Watties' 'Food in a Minute’ has been running for 16 years, and it hasn't changed much in that time. But it's just launched a national, multi-channel campaign to celebrate its new look and modified focus.
Food in a Minute was an in-house idea and in many ways it has been a forerunner to many of today's content marketing executions. And it's worked, with research last year showing around one third of Kiwi cooks used one of the recipes at least once a month and around half of those following the recipes to the letter, right down to the specific Wattie's products featured on the ingredients list.
Tim Skellern, Wattie’s general manager of marketing, wouldn't divulge how much it invests in the platform, but he admits it's "by far our biggest single piece of marketing activity" (according to Nielsen AIS figures, Heinz Wattie's spend $9.2 million on media in 2011, down slightly from $10 million in 2010).
He says it hasn't really framed Food in a Minute as shopper marketing in the past, but he says it's easy to forget how powerful it is because it connects above-the-line activity with the range of instore material and makes those ads work harder.
"It influences the whole consumer journey. We beat ourselves up about needing to get better at shopper marketing, but we already have this phenomenally successful platform."
For years, the recipes were fairly basic (a tin of spaghetti here, a tin of creamed corn there, Allyson Gofton showing viewers how to make a chicken casserole in the regular slot just before the 6pm news). But as culinary skills have improved, as the amount of food-related entertainment has increased and as the likes of APN's Foodhub, Goodman Fielder's Kiwi Faves and Countdown's Fresh Stories have been launched, the research also showed consumers thought it was time for an overhaul (the first ever Food in a Minute recipe was Tuscan Chicken and a more modern version of the dish is now included on the new www.foodinaminute.co.nz website, which was designed by Image Centre Group's creative services team).
According to Skellern, while practical recipes remain at the heart of the platform, the new format delivers much more, from the latest in food trends to up-to-date product information to advice for packing kids a healthy lunch to new how-to videos.
”We all want cost effective meal solutions that are simple and taste great. But we also want relevant information about the foods we’re eating and the new format of Food in a Minute recognises this. We’re also focusing on accessibility via our mobile app [designed by Infinity],” he says. “In a world where we’re bombarded with fancy recipes and celebrity food television, the new look Food in a Minute provides refreshing practicality and trust that is truly helpful when providing interesting mealtimes."
Hotfoot, a retail agency that's part of the Image Centre Group, was behind the new look and feel and account director Fiona Kerr says the the challenge was "finding a way to rise above the pack while still providing the fundamental core of meal delivery to address the problem of 'what's for dinner?".
It's also about creating more of a "value offering" and giving everyday New Zealanders a reason to spend a bit more on Wattie's products than they would on typically cheaper homebrand items.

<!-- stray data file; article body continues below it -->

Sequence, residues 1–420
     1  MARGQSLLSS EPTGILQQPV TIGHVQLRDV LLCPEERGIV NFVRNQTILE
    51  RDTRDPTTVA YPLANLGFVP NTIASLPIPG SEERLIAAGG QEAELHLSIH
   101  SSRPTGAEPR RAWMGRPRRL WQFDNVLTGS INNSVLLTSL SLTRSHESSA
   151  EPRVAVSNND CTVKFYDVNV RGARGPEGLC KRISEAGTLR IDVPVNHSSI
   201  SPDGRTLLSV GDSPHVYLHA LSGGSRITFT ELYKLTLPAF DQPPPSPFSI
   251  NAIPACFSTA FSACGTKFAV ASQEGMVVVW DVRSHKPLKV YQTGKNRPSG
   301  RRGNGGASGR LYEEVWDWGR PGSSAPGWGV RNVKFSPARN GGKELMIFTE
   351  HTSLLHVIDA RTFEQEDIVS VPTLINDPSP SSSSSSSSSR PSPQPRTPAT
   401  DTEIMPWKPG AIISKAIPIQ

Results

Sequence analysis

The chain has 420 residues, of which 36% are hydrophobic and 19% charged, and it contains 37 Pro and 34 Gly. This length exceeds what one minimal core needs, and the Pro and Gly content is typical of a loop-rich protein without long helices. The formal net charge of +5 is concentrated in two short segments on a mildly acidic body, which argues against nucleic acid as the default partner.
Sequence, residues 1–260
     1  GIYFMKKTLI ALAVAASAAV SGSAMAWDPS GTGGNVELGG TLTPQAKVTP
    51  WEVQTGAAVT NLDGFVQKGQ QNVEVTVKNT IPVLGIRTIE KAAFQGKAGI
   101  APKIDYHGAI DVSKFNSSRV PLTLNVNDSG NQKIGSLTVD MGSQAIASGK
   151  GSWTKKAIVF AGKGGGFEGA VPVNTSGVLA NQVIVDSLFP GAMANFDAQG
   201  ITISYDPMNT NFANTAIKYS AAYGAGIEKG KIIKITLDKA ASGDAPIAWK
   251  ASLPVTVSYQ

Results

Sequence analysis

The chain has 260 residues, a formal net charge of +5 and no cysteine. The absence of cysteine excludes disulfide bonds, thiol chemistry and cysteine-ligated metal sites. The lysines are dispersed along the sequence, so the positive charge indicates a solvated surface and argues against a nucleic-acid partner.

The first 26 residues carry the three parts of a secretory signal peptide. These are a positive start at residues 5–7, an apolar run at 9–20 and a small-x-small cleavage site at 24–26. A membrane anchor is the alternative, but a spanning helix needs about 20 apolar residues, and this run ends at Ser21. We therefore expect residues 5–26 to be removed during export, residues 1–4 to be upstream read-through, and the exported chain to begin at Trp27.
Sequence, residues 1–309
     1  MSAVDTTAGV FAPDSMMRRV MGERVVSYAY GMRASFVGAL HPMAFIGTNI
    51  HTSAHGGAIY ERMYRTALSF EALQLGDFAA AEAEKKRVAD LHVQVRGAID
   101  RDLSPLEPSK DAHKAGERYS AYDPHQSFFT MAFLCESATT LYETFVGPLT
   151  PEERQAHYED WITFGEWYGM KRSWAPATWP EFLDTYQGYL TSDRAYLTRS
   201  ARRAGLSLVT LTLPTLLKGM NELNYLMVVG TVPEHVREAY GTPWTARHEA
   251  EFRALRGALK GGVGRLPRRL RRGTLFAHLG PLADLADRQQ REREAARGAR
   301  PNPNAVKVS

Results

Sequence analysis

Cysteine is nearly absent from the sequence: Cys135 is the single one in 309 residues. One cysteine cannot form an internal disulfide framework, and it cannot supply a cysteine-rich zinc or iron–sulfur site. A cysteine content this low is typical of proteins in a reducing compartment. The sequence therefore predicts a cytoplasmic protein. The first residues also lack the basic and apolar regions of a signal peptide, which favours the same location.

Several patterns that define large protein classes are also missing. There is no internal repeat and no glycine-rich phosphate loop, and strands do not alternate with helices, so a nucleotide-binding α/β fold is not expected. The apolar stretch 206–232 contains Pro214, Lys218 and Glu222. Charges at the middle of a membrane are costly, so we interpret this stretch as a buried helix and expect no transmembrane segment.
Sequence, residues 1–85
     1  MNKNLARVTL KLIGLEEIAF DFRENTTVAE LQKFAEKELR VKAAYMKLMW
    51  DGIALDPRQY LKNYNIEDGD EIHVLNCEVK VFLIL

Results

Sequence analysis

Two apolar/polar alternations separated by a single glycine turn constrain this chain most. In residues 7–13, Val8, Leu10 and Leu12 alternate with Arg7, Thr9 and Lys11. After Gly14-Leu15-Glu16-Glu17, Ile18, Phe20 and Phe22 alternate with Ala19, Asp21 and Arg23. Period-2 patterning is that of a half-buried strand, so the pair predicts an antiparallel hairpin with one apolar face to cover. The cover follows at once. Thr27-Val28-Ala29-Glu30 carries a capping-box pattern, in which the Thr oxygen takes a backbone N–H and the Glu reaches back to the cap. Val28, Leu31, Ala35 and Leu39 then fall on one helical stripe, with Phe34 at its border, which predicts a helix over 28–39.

The "more relevant Food in a Minute 2.0" launched on Sunday 9 June on TV1 (in The Food Truck) & TV2 and focused on provenance through its ‘Wattie’s NZ Grown Pick of the Crop’ campaign, which celebrates locally grown produce and taps into a growing global trend of consumers wanting to know where their food comes from.
"Rather than having the TVCs showing recipes about using a tin of tomatoes, it's talking about where those tomatoes come from," says Kerr.
Each campaign will run for four or five weeks.
Of course, it's technically not Food in a Minute anymore. It's now Food in either 15 or 30 seconds, but when we spoke with Skellern in the middle of last year after Running with Scissors took over the brand work from DDB, he said he slept well at night knowing it adds up to one minute per day. That evolution into smaller chunks was aimed at getting new viewers, and it has continued that approach with this relaunch.
BrandWorld now does the production and media buying for the format (its exclusive relationship with TVNZ gives it added negotiating power), and Skellern says it has made the "big, big decision" to shift the format to different times of the day, rather than keep the dedicated pre-news spot.
Not only is that one of the most expensive slots to buy, inspiration happens at different times of the day, so Skellern says it's trying to maximise reach and capture people's attention before and after dinner, or at times when they're most likely to be writing shopping lists.
He says there is some real strength to the idea of a constant slot. And it has certainly worked well for the company over the years. But the cost became prohibitive, "you talk to the same people every night" and social changes over the years mean there are fewer people sitting down in front of the TV at that time. And by being smarter with media placement, he says it can also mix up the length of each production.
"It will vary by communication. If it needs one minute to tell the story, we'll use one minute. If it doesn't, we can make it shorter," he says.
Because it's a platform, other sponsors are able to come on board. Goodman Fielder's Freyas brand has already signed on, and discussions are thought to be taking place with other potential partners.
The EDM, which has around 100,000 subscribers, has also been redesigned by Image Centre Group and Food in a Minute has also embraced social media with a new Facebook page, so Kerr says it will be aiming to up the engagement with more giveaway, promotions and special offers.